How had I forgotten about him? I worry that if my friend hadn't reminded me, I would never have recalled our cloven-hoofed friend. The status quo had pulled me in so quickly after I got back home (I went directly to Washington, DC for a work conference), that I hadn't had the opportunity to spend days reliving my trip in my memory or in conversation. Just recently, an old friend who I had met for coffee asked me to tell her all about my trip. I rejoiced at the opportunity to look back on those short two weeks, and noticed my spirits slowly lifting as I elaborated on each adventure. My friend and I were away only two weeks, but I had been home long enough to archive, and eventually forget, the memories of each day.
Last night I got a text from my friend reminding me our visit to Topkapi Palace in Istanbul, Turkey. We had waited in a mile-long line-up to get in, endured the sun, the heat, the gall of other tourists who boldly butted the line, and paid the exorbitant costs of getting in. The exquisitely tiled Harem, with all the stories of the women, heirs and Sultans who had passed through, was worth every penny, but like our goat, that day was forgotten to me until she reminded me. So, I relived it with her. Remember that jerk in front of us who butted, and how we didn't have the guts to say anything? Remember how I almost walked into the mosque during prayer and the security guard had to stop me? Remember how we weren't allowed in the treasury because our shoulders weren't covered? Remember walking to the Grand Bazaar after, and how exhausted we were?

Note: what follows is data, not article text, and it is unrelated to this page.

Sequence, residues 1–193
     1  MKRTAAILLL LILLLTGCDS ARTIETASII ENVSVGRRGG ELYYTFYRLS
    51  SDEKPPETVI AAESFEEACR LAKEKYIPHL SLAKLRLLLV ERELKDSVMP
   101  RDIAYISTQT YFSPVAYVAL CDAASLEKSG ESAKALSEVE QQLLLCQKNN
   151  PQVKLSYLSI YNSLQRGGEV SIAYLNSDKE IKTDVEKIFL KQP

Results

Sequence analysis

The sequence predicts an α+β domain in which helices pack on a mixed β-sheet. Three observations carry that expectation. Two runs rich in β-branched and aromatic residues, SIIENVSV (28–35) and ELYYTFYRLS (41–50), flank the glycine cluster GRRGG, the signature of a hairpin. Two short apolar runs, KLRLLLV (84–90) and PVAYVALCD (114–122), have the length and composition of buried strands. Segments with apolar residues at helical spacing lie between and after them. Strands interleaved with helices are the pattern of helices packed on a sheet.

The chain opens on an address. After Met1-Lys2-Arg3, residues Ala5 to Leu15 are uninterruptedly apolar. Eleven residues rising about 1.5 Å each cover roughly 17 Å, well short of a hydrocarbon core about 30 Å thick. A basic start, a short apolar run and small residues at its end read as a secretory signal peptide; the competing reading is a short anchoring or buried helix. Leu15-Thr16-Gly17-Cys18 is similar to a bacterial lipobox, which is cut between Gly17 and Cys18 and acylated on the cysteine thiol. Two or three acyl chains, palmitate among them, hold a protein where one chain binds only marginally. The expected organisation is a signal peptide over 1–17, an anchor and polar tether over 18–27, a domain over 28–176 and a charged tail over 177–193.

|Me out front of the Harem, Topkapi Palace, Istanbul.|
Similar to the lesson I learned about doing more than just seeing, this lesson is about the intangible part of travelling. Not the souvenirs you bring home, not the badge of success that "I travelled to such-and-such," and not the pictures you take, but the memories you accumulate. Luckily for me, those memories of my Turkey-Croatia 2013 are housed in two minds; mine and my friend's. And I jump at every opportunity to relive those moments with her, and experience the fleeting joy that comes with remembering a happy memory I couldn't retrieve on my own. Like the memory of the sweaty, dirt path that guided us to cappuccino and pastries each morning in Hvar, and our dear friend the goat, who gave us a chuckle along the way.